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Rabbits can make wonderful companions and to ensure the best possible care and wellbeing for these adorable animals, it is crucial for owners to understand the rabbit blueprint. The rabbit blueprint encompasses inherent traits and behaviours that greatly influence their behaviour, needs, and overall quality of life. By gaining insights into the rabbit blueprint, bunny owners can prevent potential problems and provide an environment that caters to their pet’s specific needs.
The Rabbit Blueprint and Behaviour
Rabbits are natural prey animals, and their behaviour is shaped by this instinctual heritage. Understanding their blueprint is key to comprehending their behaviour and ensuring their emotional and physical wellbeing. Some fundamental traits include:
- Prey Animal Instincts: Rabbits possess a strong fight-or-flight response due to their prey status in the animal kingdom. They have a keen sense of hearing, excellent peripheral vision, and are easily startled by sudden movements or loud noises.
- Social Nature: Despite their prey instincts, rabbits are highly social animals that thrive on companionship. In the wild, they live in groups or colonies, and companionship plays a crucial role in their mental and emotional wellbeing.
- Territoriality: Rabbits are territorial animals, and they establish and defend their own spaces. They have a strong preference for routine and may exhibit territorial behaviours such as marking with scent glands and digging to establish their territory.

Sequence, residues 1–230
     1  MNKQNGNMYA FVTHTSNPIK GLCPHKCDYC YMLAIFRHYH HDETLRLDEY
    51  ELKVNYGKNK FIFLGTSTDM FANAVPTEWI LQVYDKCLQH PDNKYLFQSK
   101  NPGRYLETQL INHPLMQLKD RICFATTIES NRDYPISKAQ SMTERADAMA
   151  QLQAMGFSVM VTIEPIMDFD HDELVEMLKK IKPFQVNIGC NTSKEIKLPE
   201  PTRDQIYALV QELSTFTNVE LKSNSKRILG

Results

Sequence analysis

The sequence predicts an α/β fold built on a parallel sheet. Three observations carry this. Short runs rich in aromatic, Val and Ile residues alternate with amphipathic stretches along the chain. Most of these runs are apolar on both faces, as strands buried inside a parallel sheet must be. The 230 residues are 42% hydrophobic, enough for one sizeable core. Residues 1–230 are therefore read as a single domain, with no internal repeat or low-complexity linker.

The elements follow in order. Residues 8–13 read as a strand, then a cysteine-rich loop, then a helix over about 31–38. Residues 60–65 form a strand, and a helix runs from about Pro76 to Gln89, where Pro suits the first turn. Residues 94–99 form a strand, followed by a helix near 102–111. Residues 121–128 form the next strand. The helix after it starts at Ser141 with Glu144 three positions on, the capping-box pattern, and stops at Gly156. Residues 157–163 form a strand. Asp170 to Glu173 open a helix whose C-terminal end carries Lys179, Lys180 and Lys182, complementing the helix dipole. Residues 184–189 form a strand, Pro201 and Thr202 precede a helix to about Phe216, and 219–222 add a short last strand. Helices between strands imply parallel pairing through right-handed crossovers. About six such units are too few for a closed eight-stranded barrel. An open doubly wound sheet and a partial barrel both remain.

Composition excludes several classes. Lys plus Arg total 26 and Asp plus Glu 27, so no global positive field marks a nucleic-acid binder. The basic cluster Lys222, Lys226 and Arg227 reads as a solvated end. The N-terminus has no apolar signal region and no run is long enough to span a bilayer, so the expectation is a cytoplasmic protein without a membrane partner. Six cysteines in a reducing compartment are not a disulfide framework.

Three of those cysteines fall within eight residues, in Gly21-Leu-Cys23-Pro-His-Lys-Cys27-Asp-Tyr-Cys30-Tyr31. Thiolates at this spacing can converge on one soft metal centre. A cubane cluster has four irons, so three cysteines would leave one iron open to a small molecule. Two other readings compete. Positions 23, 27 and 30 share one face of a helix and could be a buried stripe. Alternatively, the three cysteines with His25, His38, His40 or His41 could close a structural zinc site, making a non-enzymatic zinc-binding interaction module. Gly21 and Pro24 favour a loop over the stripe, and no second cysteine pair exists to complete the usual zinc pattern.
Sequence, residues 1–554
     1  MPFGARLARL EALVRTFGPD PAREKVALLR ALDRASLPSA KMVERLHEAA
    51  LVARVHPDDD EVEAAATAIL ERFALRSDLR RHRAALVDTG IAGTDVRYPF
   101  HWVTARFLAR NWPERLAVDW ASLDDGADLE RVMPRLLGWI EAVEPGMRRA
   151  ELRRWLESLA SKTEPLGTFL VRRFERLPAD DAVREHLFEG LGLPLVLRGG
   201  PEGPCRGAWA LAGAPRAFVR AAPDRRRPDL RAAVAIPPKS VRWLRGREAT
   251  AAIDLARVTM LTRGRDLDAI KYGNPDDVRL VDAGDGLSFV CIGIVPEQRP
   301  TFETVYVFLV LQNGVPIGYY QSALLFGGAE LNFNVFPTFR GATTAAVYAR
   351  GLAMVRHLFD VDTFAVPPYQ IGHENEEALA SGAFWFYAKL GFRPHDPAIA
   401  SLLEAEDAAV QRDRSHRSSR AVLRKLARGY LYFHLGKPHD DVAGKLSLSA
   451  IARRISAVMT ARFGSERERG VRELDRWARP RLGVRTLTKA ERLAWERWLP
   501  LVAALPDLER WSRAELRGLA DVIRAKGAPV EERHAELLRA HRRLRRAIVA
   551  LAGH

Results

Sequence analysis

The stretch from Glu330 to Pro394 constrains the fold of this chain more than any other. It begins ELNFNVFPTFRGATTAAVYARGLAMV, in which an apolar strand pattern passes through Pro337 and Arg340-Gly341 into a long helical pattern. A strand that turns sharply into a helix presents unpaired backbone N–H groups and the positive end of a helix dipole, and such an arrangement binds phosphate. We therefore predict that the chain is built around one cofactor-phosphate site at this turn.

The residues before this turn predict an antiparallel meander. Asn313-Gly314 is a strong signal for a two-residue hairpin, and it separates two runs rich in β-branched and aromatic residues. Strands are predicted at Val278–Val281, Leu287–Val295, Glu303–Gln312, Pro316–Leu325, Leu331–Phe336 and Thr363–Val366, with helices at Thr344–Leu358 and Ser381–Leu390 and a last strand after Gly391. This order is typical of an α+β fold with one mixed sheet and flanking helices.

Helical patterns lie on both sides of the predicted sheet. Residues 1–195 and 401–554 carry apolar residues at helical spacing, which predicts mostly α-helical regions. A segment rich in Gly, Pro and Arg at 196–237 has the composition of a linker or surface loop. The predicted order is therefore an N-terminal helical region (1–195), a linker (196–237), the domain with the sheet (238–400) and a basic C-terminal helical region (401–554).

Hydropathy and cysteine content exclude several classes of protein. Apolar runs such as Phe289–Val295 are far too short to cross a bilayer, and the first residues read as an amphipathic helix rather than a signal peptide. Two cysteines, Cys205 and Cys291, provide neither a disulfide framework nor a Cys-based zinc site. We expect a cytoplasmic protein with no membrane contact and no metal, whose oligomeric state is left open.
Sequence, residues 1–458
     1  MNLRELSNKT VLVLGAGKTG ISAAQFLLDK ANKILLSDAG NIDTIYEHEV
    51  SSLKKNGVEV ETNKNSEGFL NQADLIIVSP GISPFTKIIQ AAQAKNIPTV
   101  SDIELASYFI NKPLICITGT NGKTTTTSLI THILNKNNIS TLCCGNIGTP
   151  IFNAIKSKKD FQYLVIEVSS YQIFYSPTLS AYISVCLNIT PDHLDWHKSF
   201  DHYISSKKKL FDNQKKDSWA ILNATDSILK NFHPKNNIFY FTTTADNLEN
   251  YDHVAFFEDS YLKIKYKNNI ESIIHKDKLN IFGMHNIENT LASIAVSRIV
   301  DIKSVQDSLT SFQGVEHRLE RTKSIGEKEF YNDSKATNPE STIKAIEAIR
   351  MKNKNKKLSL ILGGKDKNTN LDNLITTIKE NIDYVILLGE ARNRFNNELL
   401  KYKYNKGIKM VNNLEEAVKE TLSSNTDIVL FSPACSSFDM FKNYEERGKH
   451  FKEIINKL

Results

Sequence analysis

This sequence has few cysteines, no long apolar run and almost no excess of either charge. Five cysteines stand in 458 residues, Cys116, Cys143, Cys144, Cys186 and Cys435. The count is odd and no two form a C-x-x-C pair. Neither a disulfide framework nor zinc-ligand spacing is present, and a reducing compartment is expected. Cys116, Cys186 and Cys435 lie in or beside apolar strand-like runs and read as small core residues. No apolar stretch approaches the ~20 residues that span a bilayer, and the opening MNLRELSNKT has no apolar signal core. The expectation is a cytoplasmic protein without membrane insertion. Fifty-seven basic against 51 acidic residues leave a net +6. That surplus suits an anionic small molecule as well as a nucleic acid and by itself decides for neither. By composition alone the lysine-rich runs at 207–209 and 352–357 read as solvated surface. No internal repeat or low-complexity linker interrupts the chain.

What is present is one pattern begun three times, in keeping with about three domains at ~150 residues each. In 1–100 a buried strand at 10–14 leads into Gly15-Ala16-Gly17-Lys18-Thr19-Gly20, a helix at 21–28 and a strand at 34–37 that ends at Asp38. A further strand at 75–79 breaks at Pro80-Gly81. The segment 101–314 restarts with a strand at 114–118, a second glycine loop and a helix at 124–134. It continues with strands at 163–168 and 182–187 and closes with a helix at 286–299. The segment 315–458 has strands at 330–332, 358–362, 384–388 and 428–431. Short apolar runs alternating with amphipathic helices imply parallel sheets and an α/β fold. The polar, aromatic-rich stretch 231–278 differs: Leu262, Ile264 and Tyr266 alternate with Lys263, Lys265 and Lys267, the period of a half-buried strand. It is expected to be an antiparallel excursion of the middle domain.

Avoiding Potential Problems
Understanding the rabbit blueprint is essential to prevent potential problems and ensure a happy and healthy life for your furry friend. Here are some key areas to consider:
- Environment and Enrichment: Providing a suitable living environment is crucial for a rabbit’s wellbeing. This includes a safe and spacious enclosure, away from drafts and harsh weather, that allows for hopping, running, standing upright on their back legs, flipping/turning, jumping, and digging. Enrichment activities such as toys, tunnels, stable resting platforms, and plenty of hiding spots are vital to prevent boredom and encourage natural behaviours.
- Companionship: Rabbits are social animals and benefit greatly from having a rabbit companion. Solitary rabbits can become lonely, stressed, or even depressed. When introducing rabbits, proper bonding techniques should be followed under supervision to facilitate a harmonious relationship. Many animal organisations including but not limited to Woodgreen Pets Charity, RSPCA and Blue Cross can help owners with bunny matching with their rescue rabbits, where an owner may have recently lost one of a pair and are looking to provide companionship for their remaining rabbit. The bunny’s behaviour, personality type and learning experiences will all be taken into account when looking for the perfect match, and the charities can provide guidance and support on how to introduce the rabbits slowly, with gradual positive exposures to one another, in order to promote a new harmonious rabbit relationship. Where another bunny companion is not possible, rabbits can also form great relationships with other species. For example, my lop eared rabbit Audrey grew up with my Basset Hound Howard and cat George – all three would hang out on the sofa together, potter around the garden and curl up asleep next to each other, having created their own unique family.